Egypt's Embattled Coptic Christians: Enough Is Enough

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Amr Abdallah Dalsh / Reuters

Egyptian Coptic Christians carry coffins during a mass funeral for victims of clashes with soldiers and riot police at a cathedral in the Abbassia neighborhood of Cairo on Oct. 10, 2011

When Andro Naguib Gobrail arrived at Cairo's main thoroughfare, the Corniche, on Sunday, he was on a mission: to pick up his father, Coptic human-rights activist Naguib Gobrail. The elder Gobrail had been shot in the leg when Egyptian soldiers attacked peaceful Christian protesters near the iconic Maspero building, which houses radio and television facilities. "They put a gun over my head, and they asked me to go away," the younger man tells TIME. "I carried my dad to my car. When I got there, I found a lot of people saying, 'We will kill you.' "

The Gobrails quickly left the area — but not before witnessing part of the rampage that by late Monday had left at least 24 dead and 270 injured, according to the Egyptian Health Ministry. Many were mowed down by vehicles driven by soldiers under the command of the Supreme Council of the Armed Forces (SCAF), the interim body ruling Egypt. According to Andro Naguib Gobrail, the cars deliberately plowed through crowds of protesters. "The army was driving over the bodies," Gobrail says. "It was disturbing." He says he later went to the nearby Coptic hospital on Ramses Street — which became a gathering place for survivors and members of the Christian community — and saw one corpse with 10 bullet wounds to the chest.

The Coptic community, which accounts for about 10% of Egypt's 80 million population, has long been one of its most embattled and vulnerable minority groups. On Sunday, the estimated 10,000 Christians who marched to Maspero — a landmark of the ousted Hosni Mubarak regime — were protesting the recent burning of a church in Aswan province by an ultraconservative Muslim group and what they perceive as the ruling military junta's soft response to anti-Christian attacks since Mubarak's ouster in February.

"Children, grandparents — nobody had weapons on them," says Lobna Darwish, an activist who marched on Sunday. Reaching Maspero that afternoon, the protesters encountered security forces who were "running toward us, firing at us, first into the air and then at people." Later, she says, able-bodied protesters returned to the Corniche to try and help the wounded. Darwish says they found gun-wielding soldiers "walking around in a zigzag, looking for people to hit. One man was in a burning car — he was pulled out. We saw people being run over on the Corniche. The soldiers were pointing at us, looking for people to hit. At one point, some people were hiding behind a car, and they came and looked for them too."

On Monday morning, bodies lined the floor of the morgue at the hospital, covered in blood. "People were bringing ice blocks and putting them over the bodies to prevent decay," says Lillian Wagdy, 30, who joined the protesters on Sunday. "It was an awful sight." Staffers, she says, soon ran out of ice.

The violence signals increasing tension between the ruling SCAF and a population frustrated by the military's increasingly strong-armed rule. "Time and again since February, the Egyptian military has used excessive force in responding to protests," Joe Stork, deputy Middle East director at Human Rights Watch, said in a statement. "The high death toll from the clashes on Oct. 9 shows the urgent need for thorough investigations that lead to accountability and better protection for the Coptic community."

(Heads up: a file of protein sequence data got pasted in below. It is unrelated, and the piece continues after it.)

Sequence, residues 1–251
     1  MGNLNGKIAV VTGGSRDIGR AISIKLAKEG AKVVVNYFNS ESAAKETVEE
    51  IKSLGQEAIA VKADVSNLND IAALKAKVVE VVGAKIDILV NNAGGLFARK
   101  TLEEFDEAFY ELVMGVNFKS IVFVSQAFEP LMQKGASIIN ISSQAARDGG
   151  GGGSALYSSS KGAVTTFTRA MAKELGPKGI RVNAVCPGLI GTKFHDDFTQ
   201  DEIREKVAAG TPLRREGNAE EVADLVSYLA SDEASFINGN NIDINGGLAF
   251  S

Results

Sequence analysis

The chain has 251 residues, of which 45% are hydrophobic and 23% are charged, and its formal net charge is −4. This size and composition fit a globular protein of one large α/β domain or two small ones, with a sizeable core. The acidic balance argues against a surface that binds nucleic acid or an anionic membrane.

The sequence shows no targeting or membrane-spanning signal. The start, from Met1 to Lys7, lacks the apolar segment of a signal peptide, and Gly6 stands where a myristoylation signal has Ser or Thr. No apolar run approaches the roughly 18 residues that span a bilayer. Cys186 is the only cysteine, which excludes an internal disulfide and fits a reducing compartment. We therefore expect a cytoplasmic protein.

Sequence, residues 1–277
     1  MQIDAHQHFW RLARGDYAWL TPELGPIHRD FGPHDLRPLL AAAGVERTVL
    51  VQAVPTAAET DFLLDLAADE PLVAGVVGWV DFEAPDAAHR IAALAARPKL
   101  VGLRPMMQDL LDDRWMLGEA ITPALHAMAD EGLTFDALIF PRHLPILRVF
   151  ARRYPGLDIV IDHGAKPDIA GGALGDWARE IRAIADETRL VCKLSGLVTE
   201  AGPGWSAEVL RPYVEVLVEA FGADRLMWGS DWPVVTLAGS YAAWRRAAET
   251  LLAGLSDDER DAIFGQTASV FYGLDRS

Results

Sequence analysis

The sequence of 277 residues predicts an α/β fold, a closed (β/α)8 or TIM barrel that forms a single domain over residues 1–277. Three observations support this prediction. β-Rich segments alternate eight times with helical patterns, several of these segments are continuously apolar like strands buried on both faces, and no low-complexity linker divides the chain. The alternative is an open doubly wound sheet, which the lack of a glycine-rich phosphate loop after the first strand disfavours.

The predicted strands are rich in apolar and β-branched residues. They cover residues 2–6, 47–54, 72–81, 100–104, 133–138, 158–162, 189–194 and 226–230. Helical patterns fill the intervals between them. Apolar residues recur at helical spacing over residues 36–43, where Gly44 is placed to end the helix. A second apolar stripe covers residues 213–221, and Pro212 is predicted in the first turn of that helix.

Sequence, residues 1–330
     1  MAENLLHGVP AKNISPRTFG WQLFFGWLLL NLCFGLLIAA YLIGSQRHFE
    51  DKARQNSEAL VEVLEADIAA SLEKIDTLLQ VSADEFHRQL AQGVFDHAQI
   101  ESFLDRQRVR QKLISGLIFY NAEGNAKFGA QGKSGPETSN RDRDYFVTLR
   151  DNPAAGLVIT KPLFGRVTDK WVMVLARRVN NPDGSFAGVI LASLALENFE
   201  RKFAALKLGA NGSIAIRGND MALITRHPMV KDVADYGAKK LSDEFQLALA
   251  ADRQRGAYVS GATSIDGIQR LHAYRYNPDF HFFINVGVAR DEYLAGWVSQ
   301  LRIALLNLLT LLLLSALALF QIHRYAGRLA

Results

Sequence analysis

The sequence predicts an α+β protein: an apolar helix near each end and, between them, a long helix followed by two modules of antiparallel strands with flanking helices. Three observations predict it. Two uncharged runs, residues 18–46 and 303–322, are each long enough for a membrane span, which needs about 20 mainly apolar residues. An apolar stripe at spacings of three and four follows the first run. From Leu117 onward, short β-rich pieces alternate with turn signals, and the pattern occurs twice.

Wagdy says civilian thugs came to join the army in attacking Christian protesters after buying into government hype. "They were saying it was a battle between Muslims and Christians," she says. "That's not really true. It was a battle between the army and civilians. Army vehicles were crushing protesters, and the army was saying [the protesters] had stolen them from army units" and were driving them into the crowd.

She says that after protesters dispersed and made their way to Tahrir Square, fighting broke out between Christians and neighborhood residents who had been led to believe that the Christians were armed. Police then teargassed the area. State-run TV "made an announcement for people to go support the army, and they were saying Christians were attacking the army," Gobrail says. "It's not true. The army was waiting for the protesters at Maspero, and then they attacked them using the cars and the guns."

On Monday, SCAF said it had asked the Egyptian government to form a committee to investigate Sunday's violence. "All legal measures will be taken against whomever is proven to have incited or been involved in the incidents," it said in a statement that aired on state TV. "The council doesn't want to respond to attempts to create a division between the people and the armed forces, which only aims at destroying the country and hindering democracy."

Late Sunday night, Christians — joined by Muslim friends in a show of solidarity — gathered at Cairo's St. Mark's Cathedral, in the orthodox neighborhood of Abbassia. There was an air of resilience and anger from a community that may finally be saying enough is enough. "The priests were telling us, 'Let's stay calm, let's try to console ourselves,' " Wagdy says. "But in the cathedral, people were roaring against SCAF. There were chants against the army, calling for them to prosecute and execute its field marshal [Hussein Tantawi.] This isn't going to be something where you flip the page really easily. Our duty now is to stand as one, Muslim and Christian."